Recently while perusing various book blogs and such I’ve come across a lot of lists of the best book to film adaptations and it got me thinking. What about films that could potentially make great books? Am I the only person who thinks about this? Because quite frankly, I’ve been thinking about it a lot.
For instance there’s so much speculation over the film adaptation of Gillian Flynn’s incredible juggernaut Gone Girl– David Fincher’s name has been thrown around as a possible director (which makes sense to me because only someone as raw as the guy who gave us Fight Club – another book to film adaptation by the by – could potentially do the story of Amy and Nick Dunne justice. Ben Affleck’s been confirmed as Nick (although this could still be a rumor, and I’m kind of hoping it is, because really, isn’t he a little old to be playing a 30 y/o? No? Just me?) But why hasn’t anyone become incredibly excited at the possibility of Spring Breakers being made into a novel? I mean the movie was well received, the story line is very Gossip Girl meets Natural Born Killers meets Ferris Bueller’s Day Off – it would make a great book.
So I’ve compiled a list of movies that I think should be made into books. And I’ve even taken it upon myself to suggest the perfect author. So in no particular order I present: The List of Movies that Should Be Books
*I have decided to ignore the fact that some of the authors I’ve suggested are dead, therefore you should too.
10. The Usual Suspects, written by Chuck Palahniuk
Social outcasts? Check. Incredible, cult-like figure? Check. Dark, moody, beyond exhilarating, The Usual Suspects has to be one of my favourite films of all time. The first time I watched it I was about 15, in the basement, all by myself – let’s just say after that ending I had nightmares of Keyser Soze for weeks. True one could argue Fight Club had more social grit what with all the anti-capitalism, damn the man undertones but regardless, Palahniuk is known for creating intense characters who feel and are marginalized, they are constantly on the outside looking in, they tread the line between civility and the outrageous. How could this not work? Palahniuk is also one of the best when it comes to first person narration, his Verbal Kint would have all the desperation, wit and sarcasm so beautifully executed by Kevin Spacey. I’d read it.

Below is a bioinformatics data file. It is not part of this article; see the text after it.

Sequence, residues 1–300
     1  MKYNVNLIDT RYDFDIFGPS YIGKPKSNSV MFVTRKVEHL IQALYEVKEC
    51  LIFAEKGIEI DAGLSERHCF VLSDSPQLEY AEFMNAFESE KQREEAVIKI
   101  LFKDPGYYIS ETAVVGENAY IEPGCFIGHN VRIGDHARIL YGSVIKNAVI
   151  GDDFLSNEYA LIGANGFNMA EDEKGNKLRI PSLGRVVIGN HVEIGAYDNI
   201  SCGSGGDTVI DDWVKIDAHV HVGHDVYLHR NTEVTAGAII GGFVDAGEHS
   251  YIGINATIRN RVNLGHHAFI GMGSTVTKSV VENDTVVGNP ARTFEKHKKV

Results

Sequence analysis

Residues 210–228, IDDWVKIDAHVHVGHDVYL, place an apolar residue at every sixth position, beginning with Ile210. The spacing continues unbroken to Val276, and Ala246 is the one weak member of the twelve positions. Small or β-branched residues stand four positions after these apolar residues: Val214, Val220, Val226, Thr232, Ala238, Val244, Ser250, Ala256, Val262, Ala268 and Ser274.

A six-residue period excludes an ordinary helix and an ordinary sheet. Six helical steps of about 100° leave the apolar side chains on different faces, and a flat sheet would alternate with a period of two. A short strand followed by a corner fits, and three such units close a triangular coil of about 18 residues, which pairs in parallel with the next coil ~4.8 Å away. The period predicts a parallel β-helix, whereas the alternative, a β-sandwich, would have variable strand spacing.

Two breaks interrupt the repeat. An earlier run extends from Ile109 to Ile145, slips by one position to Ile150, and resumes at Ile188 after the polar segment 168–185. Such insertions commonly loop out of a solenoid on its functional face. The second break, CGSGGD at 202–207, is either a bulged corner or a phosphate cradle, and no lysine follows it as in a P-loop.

9. Amelie, written by Laini Taylor
Laini Taylor author of the amazing, unearthly and poetic Daughter of Smoke and Bone trilogy (two books down, one more to go) is the perfect choice to bring this whimsical, colourful and effervescent fantasy film to life. Sure Amelie is a lot lighter in tone than DOSMB but Taylor’s knack for creating strong, charismatic heroines who’s best strength is their vulnerability coupled with her amazing creativity – I mean the woman humanized crazy monster-like “Chimaera”, made us look past their exteriors and sympathize with their plight for freedom over the really, really attractive Seraphim rulers. That can’t be easy. Taylor’s poetic prose and great attention to detail would be the right touch for recreating Amelie’s story.
Other possible contenders: Audrey Niffenegger, John Green
8. In Bruges, written by J.D. Salinger
If you haven’t seen this little British gem of a film starring Irish actors Brendan Gleeson (Mad-Eye Moody) and Colin Farrell (whom I may or may not have had an ongoing schoolgirl crush on since I was a wee lass…) and written by Martin McDonagh you should finish reading this post and then go and watch it.
The tale of two Irish hit men hiding out in – you guessed it – Bruges, is everything you could possibly hope for in a dark comedy produced by the British. Witty, dry and even a little insightful, it’s ultimately a morality tale overflowing with dramatic irony. I can’t think of anyone more suited to writing this into a novel than J.D. Salinger – if for no other reason than Farrell’s character Ray and his unbelievable hatred for Bruges continuously reminded me of Holden Caulfield and his indignant teenage angst, sense of alienation and detachment.
7. Ferris Bueller’s Day Off, written by Tim Tharp
It’s quite conceivable that the guy who gave us teenage alcoholic but all around loveable ne’er-do-well Sutter Keely could vividly and colourfully translate the awesomeness of Ferris Bueller (forever immortalized by the incomparable Matthew Broderick) on paper. In fact in many ways Ferris Bueller is almost a precursor to Sutter Keely. Intelligent, charming with a limited concern for authority Ferris was all about Carpe Diem – seizing the day, alongside his best friend Cameron and girlfriend Sloane. From convincing the straight edged Cameron to steal his father’s 1961 Ferrari GT California, to worming his way into an upscale restaurant for lunch and commandeering a parade float whilst lip synching to Wayne Newton’s Danke Shoen Ferris’s shenanigans are the stuff dreams are made of and how legends begin. Who better to immortalize this celebrated character than Tharp? And while recreating the genius of Ferris Bueller on paper Tharp would also be able to infuse a little more depth and emotion in to an amusing but fairly one-dimensional character.